Chain back on, I pushed onto the sandy trail. I knew the stream crossing was up ahead and the trail narrowed, so I wanted a good position. "On the left! On the Left!". Get back up there.
Wait... why can't I clip my left shoe in???
Not only was my right shoe falling apart, but my left cleat fell off? Nope. Even worse. I looked down to see a bare spindle gleaming in the sun. My pedal fell off. This was not my day.
Defeated, I pulled up off the trail and back on the road nearby. I started rolling back to my truck when I saw the race promoter (Tim I believe his name was...) on his four-wheeler. With my final ounce of hope, I asked him if he could make an announcement back at the transition area for someone to loan me pedals. As he motored away to fulfill this poor man's wish, I dug deep and tried not to be far behind. When I rolled in, he was on the mic calling for pedals, but no one was coming to my aid. So I rolled around frantically asking everyone myself.
At the furthest end of the lot, when I was about to give up, Duncan from Reality Bikes (he deserves a shout out for sure) answered in the affirmative "yea, I got some crank bros pedals. sure you can borrow them".
Backed that bare spindle out, put a fresh pedal in, and I was back on course.
I have to admit, I don't have much experience in the timed/lap format races. So, like a bat outta hell I tried to chase back up through the field and make up lost time. What I realized after two laps (the second of which was my overall fastest) was that that time really was "lost". As I chased I faded. The plan was to race consistently and the pedal fiasco sort of blew that out of the water.
I got five laps in to finish 9th for solo 6hr ss. Had fun despite all the early headaches. Them trails are fast and have some sweet features. Both Gabe and Kelly set new knobby-tire distance PR's. I think they definitely feel the pull to the dark side that is endurance racing!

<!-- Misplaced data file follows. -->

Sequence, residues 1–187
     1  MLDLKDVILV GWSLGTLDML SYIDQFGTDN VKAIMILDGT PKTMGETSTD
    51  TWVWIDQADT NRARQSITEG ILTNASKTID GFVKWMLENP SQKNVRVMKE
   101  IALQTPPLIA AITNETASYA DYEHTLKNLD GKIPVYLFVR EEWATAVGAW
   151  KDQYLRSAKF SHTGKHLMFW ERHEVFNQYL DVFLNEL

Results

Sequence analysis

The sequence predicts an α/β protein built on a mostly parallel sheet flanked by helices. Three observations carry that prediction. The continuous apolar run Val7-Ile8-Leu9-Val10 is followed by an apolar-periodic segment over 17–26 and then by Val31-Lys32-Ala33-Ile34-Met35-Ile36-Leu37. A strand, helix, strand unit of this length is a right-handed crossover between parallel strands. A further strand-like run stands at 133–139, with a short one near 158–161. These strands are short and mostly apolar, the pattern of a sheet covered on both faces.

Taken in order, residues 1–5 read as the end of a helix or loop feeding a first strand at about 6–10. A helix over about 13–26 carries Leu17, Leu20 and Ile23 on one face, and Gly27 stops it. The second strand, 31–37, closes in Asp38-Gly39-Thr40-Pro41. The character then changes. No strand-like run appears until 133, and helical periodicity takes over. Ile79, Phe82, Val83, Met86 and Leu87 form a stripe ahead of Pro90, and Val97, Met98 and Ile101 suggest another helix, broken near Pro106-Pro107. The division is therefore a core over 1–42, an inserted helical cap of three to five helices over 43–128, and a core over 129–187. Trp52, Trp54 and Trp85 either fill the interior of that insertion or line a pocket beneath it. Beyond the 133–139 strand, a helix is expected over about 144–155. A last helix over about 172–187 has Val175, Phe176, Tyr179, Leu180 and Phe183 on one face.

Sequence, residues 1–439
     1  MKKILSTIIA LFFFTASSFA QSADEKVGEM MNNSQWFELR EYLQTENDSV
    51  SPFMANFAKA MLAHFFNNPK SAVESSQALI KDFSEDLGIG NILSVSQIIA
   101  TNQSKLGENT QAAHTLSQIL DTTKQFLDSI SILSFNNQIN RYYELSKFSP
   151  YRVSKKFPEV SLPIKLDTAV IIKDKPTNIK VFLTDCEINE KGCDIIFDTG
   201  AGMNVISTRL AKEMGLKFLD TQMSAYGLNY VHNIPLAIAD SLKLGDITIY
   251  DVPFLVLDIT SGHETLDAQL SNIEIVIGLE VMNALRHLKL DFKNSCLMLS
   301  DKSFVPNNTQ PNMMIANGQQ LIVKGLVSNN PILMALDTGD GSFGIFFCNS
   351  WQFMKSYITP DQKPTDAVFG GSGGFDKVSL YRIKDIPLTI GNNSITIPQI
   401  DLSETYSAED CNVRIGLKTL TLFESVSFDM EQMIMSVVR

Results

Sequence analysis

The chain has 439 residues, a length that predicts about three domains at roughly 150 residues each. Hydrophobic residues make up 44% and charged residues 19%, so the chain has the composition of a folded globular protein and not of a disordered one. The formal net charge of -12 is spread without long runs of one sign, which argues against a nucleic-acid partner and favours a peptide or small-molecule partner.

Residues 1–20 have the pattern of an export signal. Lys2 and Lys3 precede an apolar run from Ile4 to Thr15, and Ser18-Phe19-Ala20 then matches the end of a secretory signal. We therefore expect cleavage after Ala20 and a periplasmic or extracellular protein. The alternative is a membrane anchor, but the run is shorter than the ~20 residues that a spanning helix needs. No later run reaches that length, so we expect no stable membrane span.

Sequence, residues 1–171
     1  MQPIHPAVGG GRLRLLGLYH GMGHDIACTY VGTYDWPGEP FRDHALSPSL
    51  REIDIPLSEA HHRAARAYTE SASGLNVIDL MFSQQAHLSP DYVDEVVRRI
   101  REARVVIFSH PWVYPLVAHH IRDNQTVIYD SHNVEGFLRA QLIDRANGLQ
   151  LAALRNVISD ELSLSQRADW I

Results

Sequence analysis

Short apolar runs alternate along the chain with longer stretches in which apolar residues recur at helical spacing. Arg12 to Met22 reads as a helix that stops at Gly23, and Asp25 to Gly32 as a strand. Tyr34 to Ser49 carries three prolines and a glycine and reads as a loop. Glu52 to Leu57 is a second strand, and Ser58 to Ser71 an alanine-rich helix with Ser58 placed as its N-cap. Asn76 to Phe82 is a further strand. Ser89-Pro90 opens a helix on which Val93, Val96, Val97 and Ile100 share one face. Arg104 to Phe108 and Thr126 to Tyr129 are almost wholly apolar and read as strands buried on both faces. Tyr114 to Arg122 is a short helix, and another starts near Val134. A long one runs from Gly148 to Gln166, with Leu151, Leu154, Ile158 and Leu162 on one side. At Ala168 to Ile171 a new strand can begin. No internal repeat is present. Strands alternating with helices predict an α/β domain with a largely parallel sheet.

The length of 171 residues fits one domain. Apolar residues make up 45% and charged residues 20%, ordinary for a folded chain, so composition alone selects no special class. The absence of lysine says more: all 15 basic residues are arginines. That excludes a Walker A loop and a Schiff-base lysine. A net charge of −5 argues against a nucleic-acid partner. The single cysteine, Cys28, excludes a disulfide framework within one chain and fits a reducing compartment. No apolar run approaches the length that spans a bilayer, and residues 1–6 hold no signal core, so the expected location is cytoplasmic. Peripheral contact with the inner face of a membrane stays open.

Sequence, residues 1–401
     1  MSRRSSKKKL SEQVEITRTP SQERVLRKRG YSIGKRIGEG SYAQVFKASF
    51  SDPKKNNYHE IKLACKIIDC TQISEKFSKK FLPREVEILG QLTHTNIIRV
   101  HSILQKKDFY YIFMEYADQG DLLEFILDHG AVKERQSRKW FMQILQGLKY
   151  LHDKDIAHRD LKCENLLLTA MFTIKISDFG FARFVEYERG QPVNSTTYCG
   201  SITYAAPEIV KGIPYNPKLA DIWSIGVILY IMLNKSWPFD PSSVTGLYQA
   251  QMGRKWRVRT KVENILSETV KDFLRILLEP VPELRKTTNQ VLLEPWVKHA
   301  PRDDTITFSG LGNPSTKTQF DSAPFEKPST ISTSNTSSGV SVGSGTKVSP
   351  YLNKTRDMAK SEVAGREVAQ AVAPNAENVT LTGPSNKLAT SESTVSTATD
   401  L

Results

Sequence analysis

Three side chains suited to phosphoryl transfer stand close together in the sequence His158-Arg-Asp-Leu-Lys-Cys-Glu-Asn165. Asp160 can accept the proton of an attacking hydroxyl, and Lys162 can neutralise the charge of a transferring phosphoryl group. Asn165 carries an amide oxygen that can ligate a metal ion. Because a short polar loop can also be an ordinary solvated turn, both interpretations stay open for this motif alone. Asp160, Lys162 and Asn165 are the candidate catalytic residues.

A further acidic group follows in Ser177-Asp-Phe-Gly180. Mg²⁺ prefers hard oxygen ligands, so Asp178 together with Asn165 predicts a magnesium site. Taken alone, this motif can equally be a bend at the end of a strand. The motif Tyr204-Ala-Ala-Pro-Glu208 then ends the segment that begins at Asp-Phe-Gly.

Gabe and Kelly post race, just before we got bbq in Winder.
Also posted here.
Tuesday, May 8, 2012
First off I gotta give a shout out and thanks to fellow FM teammate, Mr. Nicoletti for lending what I reckon to be the very jersey he wore to a 3rd place SS finish in last years race. This was my first race for FM and it felt good to rock the red and black!
It was also my first time racing the Cohutta 100, though by no means my first NUE pain cave experience. I knew there was a lot of climbing to be had, but initially I was hoping to set a personal best 100 mile time, considering all the fire road. I sort of underestimated the climbing...and the heat.
But first things first: I rolled into Ducktown, TN before dark on Friday and got myself checked-in and my drop bags dropped down at the Ocoee white water center (built for the 96 Olympics), which served as the start/finish for the race. Even though this was almost my tenth NUE 100miler, I still questioned my drop bags, always asking "what if...?". What if I flat at mile 20; will I have enough CO2 at the next aid station? What if I'm cramping near aid 4 and they don't have anything salty? So on and so forth. I settled on two bags, got my number plate and got out of there.
I rolled up to a cabin my friends and former teammates (Matt Ferrari and Vicki Barclay) have rented the past several years just outside of town. Also shacking up there was my friend and Genuine Innovations Rep, Jim (Jimbo) Malta, Revolution Cycles racer Morgan Olssen, and much later in the night, the Harrisonburg VA duo of Chris Michaels and Jeremiah Bishop (eventual race winner). First thing I brought into the house was the sixer of Terrapin Rye Pale that was rattling on the rental car floor through the North Georgia mountains. You gotta have priorities going into these races and I definitely needed these cold later in the night. So in the fridge they went.
Foolishly, well into dusk, I decided to attempt to put more Stan's fluid into my tires, which, without the nifty presta valve injector, requires a break in the rim and tire bead seal. A seal that, even with ample supplies of C02 graciously provided by Jimbo, was never again achieved that night. Luckily I only messed with the front, so after an hour or so of messing with it, I settled on putting a tube in. It looked like I was in for a bumpy ride the next day, keeping my front (unsuspended) wheel at a high psi to save from changing pinch flats. Let this be a lesson. Let sleeping dogs lie. Don't mess with tubeless the night before a race. Drink another Terrapin and go to bed early instead!